BiH was shaken by the story of an 11-year-old from one of the hamlets of Donji Agici. In fact, he and his grandmother live in a heavily dilapidated house that has no bathroom or water, often no electricity. It takes five kilometers to get to school every day. Four years ago his mother left him. She took Dejan’s younger sister with her and went into the unknown. Even today, he does not want to have contact with his son.There is no bus to Dejan’s house. Instead of the road, it is lead to the school by two kilometers of paved paths and three kilometers of muddy and tattered macadam. The 11-year-old crosses the terrain twice a day, either in winter when the path is snowy or in the autumn when the Sana River has become flooded due to rainfall. “When you live in one of the hamlets in Donji Agici, your closest neighbors are not humans, but animals,” Dejan Zorić told the program Checked on Croatian New TV.
“Sometimes a bear appears here, but I’m not afraid of it. I come home and wait for the bear to leave. There may be many here, but I’m not scared,” says the boy, who lives 20 square meters. “It’s nice to live in the countryside, but the house is very bad. It was built when my great-grandfather was my age, maybe even younger.
Dejan’s grandmother, Stan, who is the biggest support of her life, is convinced that she could care for five more children like Dejan. “The child just needs to clean up and wash things, he knows everything else himself. He writes his own tasks and dresses himself.”
“I added my mother on Facebook. She did not accept my request”
Dean’s father and grandfather work in the mine, so they spend more time at work than at home. Dad sleeps nearby. In a small house that used to be a barn while grandparents share a couch. Grandmother Stana says that because of leg pain she sleeps in a sitting position, so “it’s not too comfortable”. For the past four years, she has taken on the role that Dejan’s mom has given up.
This one suddenly quit four years ago. One morning, she took Dejan’s younger sister Dejana and disappeared. “When she left, her sister was four years old. I never saw her again,” said Dejan, who still doesn’t know the reason why her mother left. “I found her on Facebook. I sent her a friendship request, but she didn’t accept it. I knew she would do it, so I had no special feelings.” The boy admitted that he did not know what he would say to his mother if he saw her, but he would certainly ask her to return his sister.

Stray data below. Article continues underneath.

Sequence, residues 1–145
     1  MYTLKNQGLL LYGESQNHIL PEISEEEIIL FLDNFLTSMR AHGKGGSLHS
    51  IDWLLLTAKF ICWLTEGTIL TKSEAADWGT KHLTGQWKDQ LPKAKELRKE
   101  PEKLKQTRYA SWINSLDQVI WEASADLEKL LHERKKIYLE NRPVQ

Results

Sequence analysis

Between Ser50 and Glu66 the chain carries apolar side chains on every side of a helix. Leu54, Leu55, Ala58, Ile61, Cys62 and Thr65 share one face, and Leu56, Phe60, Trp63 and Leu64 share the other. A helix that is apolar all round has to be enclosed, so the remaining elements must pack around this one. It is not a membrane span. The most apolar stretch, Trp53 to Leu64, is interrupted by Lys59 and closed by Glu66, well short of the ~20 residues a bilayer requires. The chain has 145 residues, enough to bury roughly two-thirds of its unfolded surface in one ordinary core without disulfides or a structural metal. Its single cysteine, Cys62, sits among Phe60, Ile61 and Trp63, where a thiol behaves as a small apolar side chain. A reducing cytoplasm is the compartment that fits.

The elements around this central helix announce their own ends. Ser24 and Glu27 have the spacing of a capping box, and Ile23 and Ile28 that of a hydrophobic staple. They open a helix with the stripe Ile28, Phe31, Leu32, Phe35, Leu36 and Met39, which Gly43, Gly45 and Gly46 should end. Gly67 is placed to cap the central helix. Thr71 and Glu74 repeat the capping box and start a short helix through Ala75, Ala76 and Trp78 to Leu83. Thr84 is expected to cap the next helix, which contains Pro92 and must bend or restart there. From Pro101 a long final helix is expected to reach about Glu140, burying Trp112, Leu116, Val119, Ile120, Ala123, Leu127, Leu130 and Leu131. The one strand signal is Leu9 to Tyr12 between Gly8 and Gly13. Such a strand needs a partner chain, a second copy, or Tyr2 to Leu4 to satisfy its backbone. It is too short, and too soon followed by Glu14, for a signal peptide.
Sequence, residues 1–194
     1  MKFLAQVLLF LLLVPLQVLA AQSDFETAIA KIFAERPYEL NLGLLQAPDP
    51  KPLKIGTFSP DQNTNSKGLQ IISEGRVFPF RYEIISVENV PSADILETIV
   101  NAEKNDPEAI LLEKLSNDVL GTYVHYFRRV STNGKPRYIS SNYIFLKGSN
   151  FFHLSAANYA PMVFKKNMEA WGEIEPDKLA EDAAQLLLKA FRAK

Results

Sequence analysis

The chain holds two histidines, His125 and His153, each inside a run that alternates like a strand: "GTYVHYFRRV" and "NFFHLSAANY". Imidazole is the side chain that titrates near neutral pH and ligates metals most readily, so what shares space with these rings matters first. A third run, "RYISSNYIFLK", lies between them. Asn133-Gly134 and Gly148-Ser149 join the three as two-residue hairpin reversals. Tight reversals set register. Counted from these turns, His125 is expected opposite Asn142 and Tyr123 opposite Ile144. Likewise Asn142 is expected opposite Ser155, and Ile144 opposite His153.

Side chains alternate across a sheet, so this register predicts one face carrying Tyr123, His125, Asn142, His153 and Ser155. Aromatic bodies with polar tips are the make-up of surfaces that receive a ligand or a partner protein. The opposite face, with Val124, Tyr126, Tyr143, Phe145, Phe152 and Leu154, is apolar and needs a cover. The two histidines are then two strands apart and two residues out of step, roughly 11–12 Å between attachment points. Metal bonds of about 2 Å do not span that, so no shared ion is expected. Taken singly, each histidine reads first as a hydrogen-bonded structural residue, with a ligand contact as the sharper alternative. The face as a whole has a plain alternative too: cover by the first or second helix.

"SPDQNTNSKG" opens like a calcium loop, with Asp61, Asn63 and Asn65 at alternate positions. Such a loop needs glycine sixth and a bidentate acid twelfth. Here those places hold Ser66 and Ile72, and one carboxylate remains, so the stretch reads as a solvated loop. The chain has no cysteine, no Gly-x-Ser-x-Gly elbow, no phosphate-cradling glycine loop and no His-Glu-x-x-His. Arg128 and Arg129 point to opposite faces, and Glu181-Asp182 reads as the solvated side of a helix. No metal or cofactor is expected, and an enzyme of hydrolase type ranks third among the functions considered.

The worst is when he comes out of school. Sometimes it comes back in tears. She says all his classmates have a brother or a sister, and although she knows she has a sister, she doesn’t really have anyone, “says Grandma Stana, who says the memories come to life most on Fridays when she and her granddaughter usually baked a pie. “When Friday comes, I’m dying,” Stana said.
The coaches have launched a charity campaign
“I go 20-25 miles on Tuesdays and Thursdays because I attend karate training,” says Dejan, who impressed coach Milan Jovanovic with his will. “Today, there are few children like Dejan. We are very grateful, especially in the present day when virtually everything is available to children. It is very difficult to see another side where an 11-year-old boy has practically nothing,” Dejanov emphasizes. coach.
Not only did Jovanovic want to come to terms with helping Dejan buy sports shoes and kimonos, he and his colleague, football coach Vlad Marjanovic, decided to launch a campaign to help Dejan. “The ultimate goal is for Dejan to be in his house by Christmas. I think we are well on our way to making it possible,” Marjanovic said. They want to buy a prefabricated house on the land near the road and closer to the school. So he would finally have his own bed and room. But by far he wants to live under the same roof again in the company of his younger sister.
The forecasts for the realization of the construction of a new house are good. According to the organizers of the charity campaign, practically enough funds have already been raised.
Today we celebrate the 30th anniversary of the Convention on the Rights of the Child, adopted by the United Nations General Assembly on 20 November 1989. Slovenia is one of those countries that is firmly committed to the rights of the child and their well-being. According to UNICEF young ambassador Arja Ela Hvala, Slovenia is achieving great results on numerous scales that monitor the quality of life of children. However, there are still 45,000 children living below the at-risk-of-poverty threshold, and unfortunately children are also tormented by ‘open hatred, intolerance, racism and discrimination’. “
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